Google avoided about US$2 billion in worldwide income taxes last year by shifting US$9.8 billion in revenues into a Bermuda shell company, filings show.
By legally funneling profits from overseas subsidiaries into Bermuda, which doesn't have a corporate income tax, Google cut its overall tax rate almost in half.
The amount moved to Bermuda is equivalent to about 80 per cent of Google's total pretax profit last year.
The increase in Google's revenues routed to Bermuda, disclosed in a November 21 filing by a subsidiary in the Netherlands, could fuel the outrage spreading across Europe and in the US over corporate tax dodging. Governments in France, the United Kingdom, Italy and Australia are now probing Google's tax avoidance.
Last week, the European Union's executive body, the European Commission, advised member states to create blacklists of tax havens and adopt anti-abuse rules.
Tax evasion and avoidance, which cost the European Union €1 trillion (HK$9.9 trillion) a year, are "scandalous" and "an attack on the fundamental principle of fairness," Algirdas Semeta, the EC's commissioner for taxation, said in Brussels.
"The tax strategy of Google and other multinationals is a deep embarrassment to governments around Europe," said Richard Murphy, director of Tax Research in England.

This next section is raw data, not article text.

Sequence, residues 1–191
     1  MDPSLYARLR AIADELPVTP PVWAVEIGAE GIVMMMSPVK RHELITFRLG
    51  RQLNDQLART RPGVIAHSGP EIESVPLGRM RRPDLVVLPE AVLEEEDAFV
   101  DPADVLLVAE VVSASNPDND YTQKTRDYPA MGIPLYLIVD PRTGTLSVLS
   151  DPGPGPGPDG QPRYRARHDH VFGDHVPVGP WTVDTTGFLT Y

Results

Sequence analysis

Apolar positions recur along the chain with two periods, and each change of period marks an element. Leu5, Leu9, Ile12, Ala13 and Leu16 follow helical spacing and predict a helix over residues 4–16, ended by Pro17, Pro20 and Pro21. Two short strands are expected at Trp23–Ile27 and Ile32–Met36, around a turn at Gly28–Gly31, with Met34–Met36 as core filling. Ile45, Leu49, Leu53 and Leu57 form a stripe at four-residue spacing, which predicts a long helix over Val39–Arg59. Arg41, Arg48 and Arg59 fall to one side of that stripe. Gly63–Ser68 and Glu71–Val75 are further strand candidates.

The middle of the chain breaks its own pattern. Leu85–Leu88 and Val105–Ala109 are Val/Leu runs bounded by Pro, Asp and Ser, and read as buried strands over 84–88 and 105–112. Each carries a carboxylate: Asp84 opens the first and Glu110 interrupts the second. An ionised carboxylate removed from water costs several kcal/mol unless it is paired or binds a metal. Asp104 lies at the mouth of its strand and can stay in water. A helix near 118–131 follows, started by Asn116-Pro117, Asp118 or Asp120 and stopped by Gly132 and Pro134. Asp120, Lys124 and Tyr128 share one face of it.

"The political awareness now being created in the UK and, to a lesser degree, elsewhere in Europe, is: 'It's us or them.' People understand that if Google doesn't pay, somebody else has to pay or services get cut."
Google said it complies with all tax rules and its investment in various European countries helps their economies. In the UK, "we also employ over 2,000 people, help hundreds of thousands of businesses to grow online and invest millions supporting new tech businesses in East London," Google said.
The internet search giant has avoided billions of dollars in income taxes around the world, using two tax shelter strategies known as the Double Irish and Dutch Sandwich.
The tactics, legal in the US and elsewhere, move royalty payments from subsidiaries in Ireland and the Netherlands to a Bermuda unit headquartered in a local law firm.
Last year, Google reported a tax rate of 3.2 per cent on the profit earned overseas, even as most of its foreign sales were in European countries with corporate income tax rates ranging from 26 per cent to 34 per cent.
The UK, Google's second-biggest market, was responsible for about 11 per cent of its sales, or almost US$4.1 billion last year.